A labor dispute erupts in today’s gospel. Labor leaders express their dismay at the disproportionate manner in which the employer decides to compensate workers. “It’s not fair,” they grumbled at their employer, “for people who worked a full days-shift to be compensated same as those who worked merely an hour or two.” And any fair-minded person will agree with them. We value justice and fair-play, and hate to see people violate it, especially against us. For us, once the rules of the game have to be laid out, everyone must follow to the letters.
Maybe you have wondered like me, “Is life fair?” How is it fair for a child to be born with Down syndrome or with blindness, through no fault of theirs? Is life fair when some are born into wealth and royalty—like little Prince George whose first day at kindergarten drew out the paparazzi—while others are born in poverty or rescued from the dustbins, where their mothers dumped them. Some are tall and some are short; some pretty, and some not so pretty. Two friends get inebriated at the bar and charge on the wheels; one is pulled over by the Corps and charged with DUI, the other goes home and sleeps soundly. Two servers in a restaurant work the same number of tables, treat diners with equal courtesy, and one gets twice the amount of tips. Is it fair? A 45-year-old CEO’s compensation is greater than that of all 94-line workers put together… is it fair? A huge corporation in Wall Street goes under the rocks and government uses tax payers’ dollars to bail it out; a small business in Krebs goes under and no one pays attention. How fair is that? By now you must have started to agree with me that life isn’t fair.
But if life isn’t fair, at least, God should be fair. I’m sorry; He’s equally not fair—by our standards. It can be chattering to hear that God isn’t fair; hence, He says through Isaiah in the first reading: “My thoughts are not your thoughts, my ways are not your ways.” The difference between God’s thoughts and ways from ours is so huge that the only comparison worth explaining it is that between heaven and earth. The point is this: God isn’t (just) fair. He is rather good; He is merciful; He is loving; He is generous. I’m sure you’ll take goodness, loveliness and generosity over fairness, won’t you? If God were to treat us fairly and justly, many of us wouldn’t see the light of this day. He would have justly repaid us with death, the grave, and hell fire for our innumerable sins.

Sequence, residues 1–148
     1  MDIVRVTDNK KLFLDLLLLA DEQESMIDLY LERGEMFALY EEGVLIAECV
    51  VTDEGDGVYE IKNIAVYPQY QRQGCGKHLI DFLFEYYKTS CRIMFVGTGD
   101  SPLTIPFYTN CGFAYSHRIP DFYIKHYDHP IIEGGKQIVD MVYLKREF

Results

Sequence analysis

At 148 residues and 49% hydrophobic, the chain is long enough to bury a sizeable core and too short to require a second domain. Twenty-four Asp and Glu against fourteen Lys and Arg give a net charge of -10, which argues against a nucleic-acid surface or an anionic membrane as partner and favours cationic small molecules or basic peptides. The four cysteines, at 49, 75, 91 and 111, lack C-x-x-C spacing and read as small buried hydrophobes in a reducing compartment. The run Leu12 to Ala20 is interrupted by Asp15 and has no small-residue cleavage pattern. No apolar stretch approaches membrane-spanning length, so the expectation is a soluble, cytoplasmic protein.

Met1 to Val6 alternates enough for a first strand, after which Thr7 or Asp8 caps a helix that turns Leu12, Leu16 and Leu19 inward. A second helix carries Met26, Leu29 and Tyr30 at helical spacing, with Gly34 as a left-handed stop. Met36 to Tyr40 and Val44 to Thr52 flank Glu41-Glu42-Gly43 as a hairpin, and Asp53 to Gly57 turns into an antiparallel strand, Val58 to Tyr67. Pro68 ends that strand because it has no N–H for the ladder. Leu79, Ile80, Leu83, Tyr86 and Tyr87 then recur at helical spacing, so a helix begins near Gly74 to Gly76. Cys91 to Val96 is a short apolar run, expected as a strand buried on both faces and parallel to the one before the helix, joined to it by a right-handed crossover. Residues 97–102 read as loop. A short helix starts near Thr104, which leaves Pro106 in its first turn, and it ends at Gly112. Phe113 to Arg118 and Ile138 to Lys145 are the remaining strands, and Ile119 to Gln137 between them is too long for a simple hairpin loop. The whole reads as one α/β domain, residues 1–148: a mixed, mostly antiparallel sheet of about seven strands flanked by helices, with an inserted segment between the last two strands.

Our sense of fairness comes from an unredeemed and sublunary loci, seen in the resentment of the laborers of today’s gospel about the generosity of the vineyard’s owner. Hence, we often want to impose our short-sighted way of thinking on God. That, too, is idolatry. It is we who should unmake our rugged, fallen human nature to be like God, not the reverse. When you go beyond fairness in your dealings with others, then will you encounter a God who is generous, loving, kind, and merciful.
For anyone living in a capitalist society like ours whose sense of justice is guided by the rules of business contract and exchange, today’s gospel poses a huge challenge. Jesus does not, however, abrogate the valid principles of justice; rather, He goes beyond that to let us encounter the extravagant generosity in God, which the mere rules of Commerce and Economics would cheapen. If you try to live by the divine economy, it’ll be possible to endure the trials of life with hope in God’s goodness; it’ll be possible to have understanding with your spouse and seek to outdo him or her in generosity and forgiveness; you can give without counting the cost. Constantly comparing yourself with others and seeking fairness makes you resentful and envious like the workers of today’s parable. Focusing on God’s generosity makes you a joyful steward. According to T.S. Elliot, Jesus doesn’t want us to be people carefully measuring life with coffee spoons; He wants us to be loving, generous and big-hearted.
Fr. Chukwudi Jo Okonkwo